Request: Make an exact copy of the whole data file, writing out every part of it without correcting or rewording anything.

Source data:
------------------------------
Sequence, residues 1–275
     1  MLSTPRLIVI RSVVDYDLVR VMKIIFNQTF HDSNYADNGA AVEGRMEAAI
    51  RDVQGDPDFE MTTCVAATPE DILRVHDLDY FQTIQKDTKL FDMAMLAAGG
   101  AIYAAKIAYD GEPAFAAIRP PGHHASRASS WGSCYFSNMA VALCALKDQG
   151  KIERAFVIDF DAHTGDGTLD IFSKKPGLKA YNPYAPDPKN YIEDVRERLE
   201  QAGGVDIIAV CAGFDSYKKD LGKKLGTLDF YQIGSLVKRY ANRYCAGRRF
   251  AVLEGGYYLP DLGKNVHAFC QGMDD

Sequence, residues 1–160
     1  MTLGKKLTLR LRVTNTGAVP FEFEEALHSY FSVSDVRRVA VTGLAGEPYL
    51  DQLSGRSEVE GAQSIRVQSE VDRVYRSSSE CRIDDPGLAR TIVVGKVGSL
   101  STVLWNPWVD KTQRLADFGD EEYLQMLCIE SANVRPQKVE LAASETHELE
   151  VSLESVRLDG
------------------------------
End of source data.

Sequence, residues 1–275
     1  MLSTPRLIVI RSVVDYDLVR VMKIIFNQTF HDSNYADNGA AVEGRMEAAI
    51  RDVQGDPDFE MTTCVAATPE DILRVHDLDY FQTIQKDTKL FDMAMLAAGG
   101  AIYAAKIAYD GEPAFAAIRP PGHHASRASS WGSCYFSNMA VALCALKDQG
   151  KIERAFVIDF DAHTGDGTLD IFSKKPGLKA YNPYAPDPKN YIEDVRERLE
   201  QAGGVDIIAV CAGFDSYKKD LGKKLGTLDF YQIGSLVKRY ANRYCAGRRF
   251  AVLEGGYYLP DLGKNVHAFC QGMDD

Sequence, residues 1–160
     1  MTLGKKLTLR LRVTNTGAVP FEFEEALHSY FSVSDVRRVA VTGLAGEPYL
    51  DQLSGRSEVE GAQSIRVQSE VDRVYRSSSE CRIDDPGLAR TIVVGKVGSL
   101  STVLWNPWVD KTQRLADFGD EEYLQMLCIE SANVRPQKVE LAASETHELE
   151  VSLESVRLDG